Onset [2022 Loraine Williams Poetry Prize Featured Finalist]




“There you go,      speaking harm into being.”



—My mother said that.





She said that       when I shrieked over 
centipedes having more
centipedes in our bedroom 
baseboards. Will I wake 
up with cennapeeds 
in my mouth?    Told the mere suggestion 
could grant the insects’ oral trespass, 
I slept mouth to mattress, which had apnea

skew me magenta and comatose. 
Six, black, female, dead, 
I inhaled anesthesia for 
a tonsillectomy. 


No more mouthing-off on worry.






I borrowed chapstick from girls on Bus #5, blondes I rode in
graffitied olive seats with. One let me borrow “Fuchsia Medusa.” 
It came in a tube that mimicked a lighter. Roll the spark wheel, 
and a totem of fruity wax bloomed, just like the blue-butted Bic 
flames that browned my Nana’s salems into cancer. But I lost Medusa
during the U.S. caloric holiday for thanks, and for losing her I owed
the blonde my whole Lip Smacker set. Otherwise, the superintendent 
would be phoned—the superintendent who rescinded recess from
hooligans with brillo plaits and the state milk discount. 

I told my mother about my sharing, not my owing, 
and seems she broke my ear with thumb and ring acrylic:  
               Keep sharing your lips. Gon’ mess around and catch 
               shit you can’t get rid of.      Four ills she can’t
get rid of:              —diabetes          —memory           —biases      

I’m too puppydog to speak the fourth.






So whenever our Zenith blacked from Nick @ Nite to St.
Jude fine china heads or hooligans headfirst in chicken meals
or 5-O windshields, I held my breath. The object was 
to avoid the ills of other people. To not breathe it in—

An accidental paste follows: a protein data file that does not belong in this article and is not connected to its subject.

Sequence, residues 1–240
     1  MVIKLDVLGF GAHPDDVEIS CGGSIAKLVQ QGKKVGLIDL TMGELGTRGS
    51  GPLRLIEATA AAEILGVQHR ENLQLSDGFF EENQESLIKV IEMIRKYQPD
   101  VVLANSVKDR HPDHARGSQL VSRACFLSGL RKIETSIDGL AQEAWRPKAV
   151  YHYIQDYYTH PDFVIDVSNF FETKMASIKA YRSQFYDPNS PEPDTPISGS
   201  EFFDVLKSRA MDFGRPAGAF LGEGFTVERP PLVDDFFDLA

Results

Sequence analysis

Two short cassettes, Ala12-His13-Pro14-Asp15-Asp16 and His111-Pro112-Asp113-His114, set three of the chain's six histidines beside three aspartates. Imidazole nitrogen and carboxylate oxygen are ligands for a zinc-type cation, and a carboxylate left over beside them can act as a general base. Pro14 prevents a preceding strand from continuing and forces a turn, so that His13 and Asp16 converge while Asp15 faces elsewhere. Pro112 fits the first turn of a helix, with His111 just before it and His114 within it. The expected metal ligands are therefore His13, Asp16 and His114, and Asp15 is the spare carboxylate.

the possibility of ill happening to me. When I did mistakenly
inhale, I had a ritual to nix whatever kismet I sniffed: 
I’ d shove my wrists out (ill entered through the wrists) then 
chant,      outoutout      until my wrists felt unoccupied. 

Hard to explain unoccupied wrists. Best to say 
ghost appendage without the war, skeletal healthy hollow, 
a long sleeve’s breeze. 






Tried breathing through the dyke death of Set It Off, the belated amputation of Soul Food.
And when a rapstar swore, I’ll put a hole in your parents, I couldn’t sing his line
without perceiving some ajarment befalling my folks.       Does all of life whittle
down to holes in hoodies, preteen bikinis, dark families, long shirt
sleeves?        Well then, I just won’t breathe. 






But, twenty-four-year-old black female apnea—
fear means a harsh catalog of breathspeak with,
most certainly,                      no   outs.


Courtney Faye Taylor is a writer and visual artist. She is the author of Concentrate (Graywolf Press, 2022), selected by Rachel Eliza Griffiths as the winner of the Cave Canem Poetry Prize. A recipient of the 92Y Discovery Prize and an Academy of American Poets Prize, Taylor’s work can be found in Poetry, The Nation, Ploughshares, Best New Poets, and elsewhere.